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AMD's new chip revs up low-cost PCs

The chipmaker will get a boost from the Home Shopping Network when the cable channel introduces PCs with the new 850-MHz Duron chip.

Live from Las Vegas, it's Advanced Micro Devices!

The Sunnyvale, Calif.-based chipmaker will get a boost from the Home Shopping Network this weekend, when the cable channel introduces computers featuring AMD's new 850-MHz Duron chip.

The low-cost chip for desktop PCs will be officially announced on Monday. But the shopping network will begin taking orders on 850-MHz Presario desktops from Compaq Computer during a live broadcast from the Consumer Electronics Show floor on Saturday, according to AMD.

Analysts say the faster clock speed and Duron's faster front-side bus, which is a data pipeline between the processor and memory, mean that the new Duron systems will outperform even Intel's latest offering, a new 800-MHz Celeron announced earlier this week.

Performance, however, is only half of the equation. AMD is also working hard to keep the cost of Duron-based computers down.

The company introduced the Duron line in June, but the chip didn't start appearing in computers from major manufacturers in the United States until November. The delay was partly caused by a lack of companion chipsets with integrated graphics, which raised the cost for manufacturers.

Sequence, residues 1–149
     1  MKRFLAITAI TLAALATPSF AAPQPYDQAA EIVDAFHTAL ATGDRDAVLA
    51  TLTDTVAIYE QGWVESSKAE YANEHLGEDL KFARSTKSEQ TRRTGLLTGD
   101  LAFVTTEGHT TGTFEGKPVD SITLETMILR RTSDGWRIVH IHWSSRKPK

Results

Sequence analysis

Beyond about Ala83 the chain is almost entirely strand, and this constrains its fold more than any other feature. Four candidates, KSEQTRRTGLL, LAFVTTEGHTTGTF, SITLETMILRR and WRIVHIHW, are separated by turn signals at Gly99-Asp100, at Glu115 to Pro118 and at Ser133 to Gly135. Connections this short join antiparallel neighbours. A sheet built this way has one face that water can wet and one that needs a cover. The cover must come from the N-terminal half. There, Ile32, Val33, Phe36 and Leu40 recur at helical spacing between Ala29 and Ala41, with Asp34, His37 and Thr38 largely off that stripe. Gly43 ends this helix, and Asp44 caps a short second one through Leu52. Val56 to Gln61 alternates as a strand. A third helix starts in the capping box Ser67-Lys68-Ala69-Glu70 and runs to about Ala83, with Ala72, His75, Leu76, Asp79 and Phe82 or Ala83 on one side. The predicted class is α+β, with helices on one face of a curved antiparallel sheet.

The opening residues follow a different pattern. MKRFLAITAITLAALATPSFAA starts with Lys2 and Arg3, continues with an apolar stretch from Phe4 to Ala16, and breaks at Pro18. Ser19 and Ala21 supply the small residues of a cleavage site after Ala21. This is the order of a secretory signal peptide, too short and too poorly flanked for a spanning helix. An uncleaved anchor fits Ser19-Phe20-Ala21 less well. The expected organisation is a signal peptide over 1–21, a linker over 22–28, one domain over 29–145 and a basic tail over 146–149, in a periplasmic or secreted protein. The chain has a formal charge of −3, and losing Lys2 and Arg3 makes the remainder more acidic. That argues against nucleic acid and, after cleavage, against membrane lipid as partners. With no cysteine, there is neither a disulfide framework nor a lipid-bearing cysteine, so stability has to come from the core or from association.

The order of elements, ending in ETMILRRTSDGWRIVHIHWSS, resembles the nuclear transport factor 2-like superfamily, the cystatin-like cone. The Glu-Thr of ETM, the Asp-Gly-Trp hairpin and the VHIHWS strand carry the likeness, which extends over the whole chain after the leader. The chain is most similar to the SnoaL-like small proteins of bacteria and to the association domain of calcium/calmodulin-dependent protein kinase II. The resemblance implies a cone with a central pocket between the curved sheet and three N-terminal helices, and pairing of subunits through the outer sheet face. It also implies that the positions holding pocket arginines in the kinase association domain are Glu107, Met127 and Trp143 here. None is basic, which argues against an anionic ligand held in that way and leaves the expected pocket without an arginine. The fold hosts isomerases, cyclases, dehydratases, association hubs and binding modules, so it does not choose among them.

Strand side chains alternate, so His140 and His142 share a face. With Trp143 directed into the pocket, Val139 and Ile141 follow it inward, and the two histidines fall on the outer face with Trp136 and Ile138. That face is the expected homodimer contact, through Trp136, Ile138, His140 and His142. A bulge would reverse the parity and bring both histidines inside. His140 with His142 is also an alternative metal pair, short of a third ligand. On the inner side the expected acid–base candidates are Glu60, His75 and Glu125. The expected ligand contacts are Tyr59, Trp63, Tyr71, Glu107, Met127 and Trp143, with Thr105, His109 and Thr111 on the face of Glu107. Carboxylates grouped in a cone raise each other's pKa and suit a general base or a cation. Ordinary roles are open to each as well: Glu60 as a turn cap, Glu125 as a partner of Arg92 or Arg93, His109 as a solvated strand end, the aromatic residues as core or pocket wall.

During the third quarter of 2000, even AMD's much older K6-2 family of processors eclipsed Duron sales. AMD shipped about 3 million K6-2 chips and less than 1.5 million Durons in the third quarter, according to Mercury Research.

Via Technologies and Silicon Integrated Systems are now helping to alleviate this problem with new chipsets.

The 850-MHz chip "is definitely a good value. It's hard to imagine how many users would need more (clock speed) than that," said Mike Feibus, principal analyst at Mercury Research. "The (lack of integrated chipsets) has slowed it down. However, I think that's going to start to change now that the (Via chipset) KM133 is starting to take off."

It's all in the chipsets, agreed Mark Bode, an AMD division marketing manager.

"We're expecting the first systems (with the integrated chipsets) to become available this quarter and next, depending on (manufacturers') schedules," he said.

With the new chipsets, which allow PC makers to eliminate a graphics board and therefore cut roughly $100 off the retail price, Bode said he expects to see some low-end Duron systems priced at $599 or less in coming months.

Meanwhile, PCs fitted with AMD's 800-MHz and 850-MHz Duron chips will hold the line at $899 to $999, he said.

The 850-MHz Duron will be priced at $149 each in quantities of 1,000.

AMD said it offers a 5 percent to 7 percent performance increase over the 800-MHz Duron, which it reduced from $170 to $112. The 750-MHz Duron was reduced from $112 to $88. AMD has also ceased the manufacturing of its 850-MHz Athlon processor, due to the release of the 850-MHz Duron.

PC makers such as Compaq are expected to announce support for the new chip on Monday.

"This quarter really should be the turnaround for Duron," Feibus said. "Our forecast is for more than twice the third-quarter units shipped."